A couple of years ago the Cleveland Museum of Art commissioned new artwork from the African American artist Kara Walker. She created original works that the curator told us were very different from her earlier works. She called the exhibit, The Ecstasy of St. Kara, a reference to Bernini’s classic statue The Ecstasy of St. Teresa. (She was living in Rome at the time.) This is one of the drawings in the collection.
I don’t like a lot of modern art. My common line to my friend when I see modern art that is ridiculous is to tell my friend, “He thinks he’s better than us.”
When I first saw this drawing, I did not like it. The title was also baffling. Then, one of the members of the group pointed out that she could see faces in the cloth.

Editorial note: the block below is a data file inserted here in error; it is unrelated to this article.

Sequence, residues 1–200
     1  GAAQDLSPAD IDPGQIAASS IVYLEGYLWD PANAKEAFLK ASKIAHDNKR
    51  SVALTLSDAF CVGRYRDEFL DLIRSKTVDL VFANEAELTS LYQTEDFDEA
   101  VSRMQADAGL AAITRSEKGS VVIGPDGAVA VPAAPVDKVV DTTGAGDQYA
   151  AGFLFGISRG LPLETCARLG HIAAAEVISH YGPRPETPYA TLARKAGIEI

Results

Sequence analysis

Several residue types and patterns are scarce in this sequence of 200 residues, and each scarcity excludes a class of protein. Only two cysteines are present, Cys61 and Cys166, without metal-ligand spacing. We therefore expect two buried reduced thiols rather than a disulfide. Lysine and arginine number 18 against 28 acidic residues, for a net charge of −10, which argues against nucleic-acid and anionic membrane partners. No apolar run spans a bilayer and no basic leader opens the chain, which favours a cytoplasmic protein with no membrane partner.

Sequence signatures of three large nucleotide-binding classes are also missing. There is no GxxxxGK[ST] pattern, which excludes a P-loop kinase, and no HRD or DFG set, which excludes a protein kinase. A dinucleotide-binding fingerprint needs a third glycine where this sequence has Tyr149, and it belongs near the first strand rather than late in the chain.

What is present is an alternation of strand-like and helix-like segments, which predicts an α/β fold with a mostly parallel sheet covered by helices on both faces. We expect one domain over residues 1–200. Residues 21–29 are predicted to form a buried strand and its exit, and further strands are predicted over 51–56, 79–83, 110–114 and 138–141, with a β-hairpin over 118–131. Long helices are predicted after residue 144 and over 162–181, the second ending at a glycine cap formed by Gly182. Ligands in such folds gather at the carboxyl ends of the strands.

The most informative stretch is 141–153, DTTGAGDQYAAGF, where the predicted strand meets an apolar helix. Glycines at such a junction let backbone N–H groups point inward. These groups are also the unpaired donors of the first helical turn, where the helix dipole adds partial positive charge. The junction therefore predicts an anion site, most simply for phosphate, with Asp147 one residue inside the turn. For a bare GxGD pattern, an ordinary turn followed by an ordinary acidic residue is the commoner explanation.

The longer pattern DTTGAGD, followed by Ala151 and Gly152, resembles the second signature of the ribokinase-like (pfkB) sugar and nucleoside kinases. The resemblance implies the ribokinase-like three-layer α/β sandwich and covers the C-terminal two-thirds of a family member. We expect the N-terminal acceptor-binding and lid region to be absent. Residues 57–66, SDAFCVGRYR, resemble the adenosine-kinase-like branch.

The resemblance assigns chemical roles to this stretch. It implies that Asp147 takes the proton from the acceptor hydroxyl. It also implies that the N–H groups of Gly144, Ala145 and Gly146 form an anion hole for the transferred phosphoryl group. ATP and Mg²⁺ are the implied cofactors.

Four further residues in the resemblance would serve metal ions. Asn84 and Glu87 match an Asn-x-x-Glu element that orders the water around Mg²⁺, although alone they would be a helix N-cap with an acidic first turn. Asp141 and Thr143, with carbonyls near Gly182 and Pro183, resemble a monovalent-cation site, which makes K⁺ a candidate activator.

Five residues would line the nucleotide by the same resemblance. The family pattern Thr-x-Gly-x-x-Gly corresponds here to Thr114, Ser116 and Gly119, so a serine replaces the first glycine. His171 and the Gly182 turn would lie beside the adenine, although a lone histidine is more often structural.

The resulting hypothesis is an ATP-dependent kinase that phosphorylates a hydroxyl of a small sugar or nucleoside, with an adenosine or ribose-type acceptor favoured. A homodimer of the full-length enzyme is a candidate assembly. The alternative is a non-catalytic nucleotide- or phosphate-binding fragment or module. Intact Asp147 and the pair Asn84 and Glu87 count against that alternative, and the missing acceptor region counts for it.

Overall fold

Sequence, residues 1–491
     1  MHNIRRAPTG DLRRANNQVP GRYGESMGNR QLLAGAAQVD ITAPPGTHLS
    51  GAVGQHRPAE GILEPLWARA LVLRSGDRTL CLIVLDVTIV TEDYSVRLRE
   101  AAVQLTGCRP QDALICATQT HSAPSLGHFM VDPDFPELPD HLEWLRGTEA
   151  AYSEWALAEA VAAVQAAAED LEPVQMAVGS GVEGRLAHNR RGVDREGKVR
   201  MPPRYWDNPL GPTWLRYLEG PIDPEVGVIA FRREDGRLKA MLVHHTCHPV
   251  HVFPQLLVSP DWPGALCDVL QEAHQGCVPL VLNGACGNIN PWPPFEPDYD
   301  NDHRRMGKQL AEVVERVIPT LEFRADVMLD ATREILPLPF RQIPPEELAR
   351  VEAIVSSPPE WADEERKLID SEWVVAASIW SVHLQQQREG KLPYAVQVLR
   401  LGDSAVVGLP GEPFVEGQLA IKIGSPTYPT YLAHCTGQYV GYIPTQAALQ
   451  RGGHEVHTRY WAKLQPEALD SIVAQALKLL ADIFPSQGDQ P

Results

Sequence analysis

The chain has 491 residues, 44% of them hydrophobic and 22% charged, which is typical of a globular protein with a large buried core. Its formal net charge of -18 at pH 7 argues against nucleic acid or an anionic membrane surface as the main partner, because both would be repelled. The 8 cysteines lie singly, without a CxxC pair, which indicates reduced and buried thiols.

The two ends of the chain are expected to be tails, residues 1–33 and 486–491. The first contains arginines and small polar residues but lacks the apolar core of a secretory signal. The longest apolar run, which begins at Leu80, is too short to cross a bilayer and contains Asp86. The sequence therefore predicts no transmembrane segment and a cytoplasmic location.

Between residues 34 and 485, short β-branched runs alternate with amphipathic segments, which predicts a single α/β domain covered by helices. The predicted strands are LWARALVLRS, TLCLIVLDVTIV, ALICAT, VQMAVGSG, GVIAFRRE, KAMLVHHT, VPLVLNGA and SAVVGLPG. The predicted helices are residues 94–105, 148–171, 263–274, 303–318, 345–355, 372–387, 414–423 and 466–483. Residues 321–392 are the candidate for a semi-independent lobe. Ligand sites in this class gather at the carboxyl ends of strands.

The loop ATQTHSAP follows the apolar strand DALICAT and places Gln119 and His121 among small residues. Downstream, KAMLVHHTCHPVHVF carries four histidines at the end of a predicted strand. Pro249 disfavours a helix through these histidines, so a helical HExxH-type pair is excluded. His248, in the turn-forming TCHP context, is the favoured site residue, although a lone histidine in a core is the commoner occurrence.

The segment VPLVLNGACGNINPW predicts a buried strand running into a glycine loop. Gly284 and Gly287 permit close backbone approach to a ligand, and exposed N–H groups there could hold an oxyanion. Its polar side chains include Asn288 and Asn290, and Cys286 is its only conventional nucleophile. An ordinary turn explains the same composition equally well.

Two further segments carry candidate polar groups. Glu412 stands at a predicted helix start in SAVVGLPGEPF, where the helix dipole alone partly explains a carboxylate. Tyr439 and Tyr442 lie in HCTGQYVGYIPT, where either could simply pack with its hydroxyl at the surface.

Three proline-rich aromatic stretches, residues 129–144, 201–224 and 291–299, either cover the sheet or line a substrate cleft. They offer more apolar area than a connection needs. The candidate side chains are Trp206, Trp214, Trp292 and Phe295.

When I saw that, suddenly it all came together. Kara Walker was referencing the veil of Veronica. In the Middle Ages, a church in Rome had an icon of the face of Christ during his passion. (Passion traditionally meant intense suffering). Tradition states that a woman gave Christ a cloth to wipe his face, and the cloth was impressed with an image of his face.
The woman is traditionally known as Veronica, though that is actually a play on the words “true icon.” This story is commemorated in the traditional Stations of the Cross.
When I thought about that, I realized that I could interpret the drawing. To me, I think it is calling us to see the face of Christ in those we encounter online, and to remember that our thoughts and actions online can hurt.
Is that the “actual” interpretation of the painting? Don’t know. And don’t care. If the author is dead, then the painter or artist must be dead as well. That’s my story and I’m sticking to it.
I do like paintings that are little bit like riddles.